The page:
0.680
      PSV (L)0.6200.5310.5480.5150.7020.6990.657
      RI (R)0.6140.7330.0780.1390.9900.6030.496
      RI (L)0.5470.2200.1450.1440.8430.5830.570
      Total follicular count (manually)0.7350.6610.7570.6990.7260.8030.834
      Number of follicles (2DDM ≥10 mm)0.7850.7520.7240.7340.8310.8060.891
      Number of follicles (3DFV ≥0.5 cm3)0.8460.8070.8280.8160.8560.8700.903
      Statistically significant.
      Pearson's correlation was used for statistical analysis. The number of oocytes retrieved was regarded as the gold standard in this study. The number of follicles (3DFV ≥0.5cm3) was significantly associated with the outcome of ovarian hyperstimulation.
      2DDM, two-dimensional diameter measurement; 3DFV, three-dimensional follicle volume biomarker; ACC, accuracy; AUC, area under the curve; F1, F1 score; L, left side; NPV, negative predictive value; PPV, positive predictive value; PSV, peak systolic velocity; R, right side; RI, resistance index; SEN, sensitivity; SPE, specificity.
      a Statistically significant.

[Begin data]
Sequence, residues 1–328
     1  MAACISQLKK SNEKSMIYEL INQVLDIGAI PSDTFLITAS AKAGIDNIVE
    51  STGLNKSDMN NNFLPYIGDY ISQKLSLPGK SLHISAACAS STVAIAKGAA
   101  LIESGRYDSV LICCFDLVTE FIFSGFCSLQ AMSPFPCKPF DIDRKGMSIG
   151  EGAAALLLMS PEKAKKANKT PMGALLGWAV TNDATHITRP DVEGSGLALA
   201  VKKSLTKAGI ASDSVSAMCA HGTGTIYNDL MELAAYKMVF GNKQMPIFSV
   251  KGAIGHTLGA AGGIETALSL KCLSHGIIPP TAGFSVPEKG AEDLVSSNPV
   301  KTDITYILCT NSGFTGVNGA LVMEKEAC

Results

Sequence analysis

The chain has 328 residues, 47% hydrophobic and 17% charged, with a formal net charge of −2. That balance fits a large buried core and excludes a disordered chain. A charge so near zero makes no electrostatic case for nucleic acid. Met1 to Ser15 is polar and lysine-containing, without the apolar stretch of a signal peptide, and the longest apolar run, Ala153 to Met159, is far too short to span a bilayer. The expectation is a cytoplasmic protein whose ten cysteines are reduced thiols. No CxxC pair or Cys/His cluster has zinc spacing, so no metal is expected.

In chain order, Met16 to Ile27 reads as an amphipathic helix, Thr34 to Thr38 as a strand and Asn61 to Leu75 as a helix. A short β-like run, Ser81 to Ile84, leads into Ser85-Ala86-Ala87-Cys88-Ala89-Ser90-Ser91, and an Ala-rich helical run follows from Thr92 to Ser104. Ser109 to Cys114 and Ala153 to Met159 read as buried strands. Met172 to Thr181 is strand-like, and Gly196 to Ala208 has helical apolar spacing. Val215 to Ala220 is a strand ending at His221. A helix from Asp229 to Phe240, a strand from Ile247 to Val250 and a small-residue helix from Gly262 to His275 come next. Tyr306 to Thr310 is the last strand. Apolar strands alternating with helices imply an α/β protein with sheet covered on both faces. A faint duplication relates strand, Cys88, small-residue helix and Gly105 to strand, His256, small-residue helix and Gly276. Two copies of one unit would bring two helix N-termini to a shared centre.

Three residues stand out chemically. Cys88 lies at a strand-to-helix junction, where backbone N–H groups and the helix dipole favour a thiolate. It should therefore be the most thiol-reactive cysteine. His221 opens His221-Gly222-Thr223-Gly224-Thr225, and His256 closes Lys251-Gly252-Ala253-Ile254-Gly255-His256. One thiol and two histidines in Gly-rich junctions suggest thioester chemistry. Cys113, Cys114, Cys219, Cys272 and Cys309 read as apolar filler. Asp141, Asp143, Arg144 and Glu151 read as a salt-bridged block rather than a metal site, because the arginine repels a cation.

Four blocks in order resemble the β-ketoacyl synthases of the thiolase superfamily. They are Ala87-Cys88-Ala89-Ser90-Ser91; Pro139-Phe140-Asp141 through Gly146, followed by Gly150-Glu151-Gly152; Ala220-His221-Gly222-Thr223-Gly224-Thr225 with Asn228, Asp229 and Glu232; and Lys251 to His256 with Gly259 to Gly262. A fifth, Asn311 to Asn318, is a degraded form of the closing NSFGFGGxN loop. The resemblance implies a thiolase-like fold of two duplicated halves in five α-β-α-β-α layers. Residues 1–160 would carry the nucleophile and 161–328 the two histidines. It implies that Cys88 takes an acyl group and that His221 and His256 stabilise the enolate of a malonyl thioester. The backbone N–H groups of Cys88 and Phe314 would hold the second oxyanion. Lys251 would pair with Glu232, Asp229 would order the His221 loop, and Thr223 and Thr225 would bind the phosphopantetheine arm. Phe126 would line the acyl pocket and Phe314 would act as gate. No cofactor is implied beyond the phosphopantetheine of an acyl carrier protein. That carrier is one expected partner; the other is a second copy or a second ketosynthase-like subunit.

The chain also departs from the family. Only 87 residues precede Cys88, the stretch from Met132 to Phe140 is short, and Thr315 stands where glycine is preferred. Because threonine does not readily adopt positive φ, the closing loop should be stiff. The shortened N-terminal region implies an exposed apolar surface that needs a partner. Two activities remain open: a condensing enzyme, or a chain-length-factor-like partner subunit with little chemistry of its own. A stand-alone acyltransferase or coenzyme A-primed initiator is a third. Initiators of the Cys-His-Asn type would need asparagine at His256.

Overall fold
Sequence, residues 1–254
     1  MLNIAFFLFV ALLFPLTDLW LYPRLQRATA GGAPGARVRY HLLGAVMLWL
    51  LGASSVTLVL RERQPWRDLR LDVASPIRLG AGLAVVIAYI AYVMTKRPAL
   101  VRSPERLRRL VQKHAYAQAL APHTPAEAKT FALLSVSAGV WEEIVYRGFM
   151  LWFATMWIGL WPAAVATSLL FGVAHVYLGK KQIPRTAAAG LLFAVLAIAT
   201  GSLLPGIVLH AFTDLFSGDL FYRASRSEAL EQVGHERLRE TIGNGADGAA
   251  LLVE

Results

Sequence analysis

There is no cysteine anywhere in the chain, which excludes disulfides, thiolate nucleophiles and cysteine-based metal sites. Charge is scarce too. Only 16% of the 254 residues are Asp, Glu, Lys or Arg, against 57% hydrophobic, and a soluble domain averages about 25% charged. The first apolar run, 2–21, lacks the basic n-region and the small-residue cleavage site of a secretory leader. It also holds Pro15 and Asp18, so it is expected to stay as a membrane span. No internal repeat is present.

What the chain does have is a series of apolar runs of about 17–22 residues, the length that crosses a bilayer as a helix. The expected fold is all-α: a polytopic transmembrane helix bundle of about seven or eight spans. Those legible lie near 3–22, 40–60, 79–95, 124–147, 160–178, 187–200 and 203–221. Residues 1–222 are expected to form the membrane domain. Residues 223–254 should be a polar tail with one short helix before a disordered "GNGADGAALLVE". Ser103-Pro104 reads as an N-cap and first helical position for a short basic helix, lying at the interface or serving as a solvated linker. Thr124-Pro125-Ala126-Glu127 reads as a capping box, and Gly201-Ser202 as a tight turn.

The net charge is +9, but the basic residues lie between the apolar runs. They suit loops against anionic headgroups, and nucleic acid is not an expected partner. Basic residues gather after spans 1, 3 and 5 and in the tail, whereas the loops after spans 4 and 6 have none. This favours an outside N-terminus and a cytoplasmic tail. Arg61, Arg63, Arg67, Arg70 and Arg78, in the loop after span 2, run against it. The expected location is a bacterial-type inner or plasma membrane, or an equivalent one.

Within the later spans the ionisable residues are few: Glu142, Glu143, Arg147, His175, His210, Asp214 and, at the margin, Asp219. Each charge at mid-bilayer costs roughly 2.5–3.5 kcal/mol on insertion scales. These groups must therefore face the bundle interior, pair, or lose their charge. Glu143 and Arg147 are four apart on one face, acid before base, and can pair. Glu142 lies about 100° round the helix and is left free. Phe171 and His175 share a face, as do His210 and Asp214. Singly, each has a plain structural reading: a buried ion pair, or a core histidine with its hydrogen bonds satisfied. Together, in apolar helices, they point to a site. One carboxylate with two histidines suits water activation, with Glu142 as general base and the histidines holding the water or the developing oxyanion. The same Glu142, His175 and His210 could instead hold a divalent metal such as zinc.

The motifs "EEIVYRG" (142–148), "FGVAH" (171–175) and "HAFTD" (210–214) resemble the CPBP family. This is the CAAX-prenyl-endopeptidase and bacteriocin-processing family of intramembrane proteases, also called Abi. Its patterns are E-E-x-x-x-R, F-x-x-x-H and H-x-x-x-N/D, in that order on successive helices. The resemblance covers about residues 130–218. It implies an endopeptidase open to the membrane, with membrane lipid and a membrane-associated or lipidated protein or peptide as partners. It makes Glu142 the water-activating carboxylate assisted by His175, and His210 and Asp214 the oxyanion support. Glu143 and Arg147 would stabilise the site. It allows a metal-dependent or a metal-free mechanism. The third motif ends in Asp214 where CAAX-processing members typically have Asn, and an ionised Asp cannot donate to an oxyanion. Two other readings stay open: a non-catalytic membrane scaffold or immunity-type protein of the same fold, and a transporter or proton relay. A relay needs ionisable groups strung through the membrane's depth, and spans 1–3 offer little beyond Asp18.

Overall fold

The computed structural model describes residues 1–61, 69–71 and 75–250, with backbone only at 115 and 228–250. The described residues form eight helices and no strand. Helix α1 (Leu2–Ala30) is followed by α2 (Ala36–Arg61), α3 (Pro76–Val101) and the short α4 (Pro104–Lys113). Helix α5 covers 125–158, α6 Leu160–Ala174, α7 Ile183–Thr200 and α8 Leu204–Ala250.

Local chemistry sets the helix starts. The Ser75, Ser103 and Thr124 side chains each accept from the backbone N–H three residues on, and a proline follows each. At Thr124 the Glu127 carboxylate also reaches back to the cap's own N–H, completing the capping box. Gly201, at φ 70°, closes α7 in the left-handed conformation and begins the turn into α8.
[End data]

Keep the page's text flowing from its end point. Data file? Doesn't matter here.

Figure 4
      Figure 4Receiver operator characteristic curves of the two-dimensional diameter measurement and the three-dimensional follicle volume biomarker in predicting the number of mature oocytes retrieved. 2D, two-dimensional; 3D, three-dimensional; FP, false positive; TP, true positive.
      The performance of different multivariate classifiers in predicting ovarian hyper-response is presented in Table 5 and Figure 5. The accuracy of the MLP multivariate classifier was 0.890, which was better than the two-dimensional diameter measurement (0.785) and the single use of the three-dimensional follicle volume biomarker (0.846). According to the result of the t-test, significant differences in the performance of the different models were observed, and MLP with an AUC of 0.880 (95% CI, 0.828 to 0.927) achieved significant improvement over other state-of-the-art methods.
      TABLE 5PERFORMANCE OF MULTIVARIATE CLASSIFIERS IN PREDICTING OVARIAN HYPERSTIMULATION
      ClassifiersACCPPVSENF1SPENPVAUCP-value
      MLP0.8900.9000.8400.8630.9200.8900.880
      DT0.7300.7300.6990.7020.8450.7310.699<0.001
      P < 0.05 according to the result of t-test. ACC, accuracy; AUC, area under the curve; DT, decision tree; F1, F1 score; KNN, k-nearest neighbour; SVM, support vector machine; MLP, multilayer perceptron; NPV, negative predictive value; PPV, positive predictive value; RF, random forest; SEN, sensitivity; SPE, specificity.
      SVM0.8020.8010.7860.7900.8720.7960.786<0.001
      P < 0.05 according to the result of t-test. ACC, accuracy; AUC, area under the curve; DT, decision tree; F1, F1 score; KNN, k-nearest neighbour; SVM, support vector machine; MLP, multilayer perceptron; NPV, negative predictive value; PPV, positive predictive value; RF, random forest; SEN, sensitivity; SPE, specificity.
      KNN0.7470.7410.7300.7300.8370.7520.730<0.001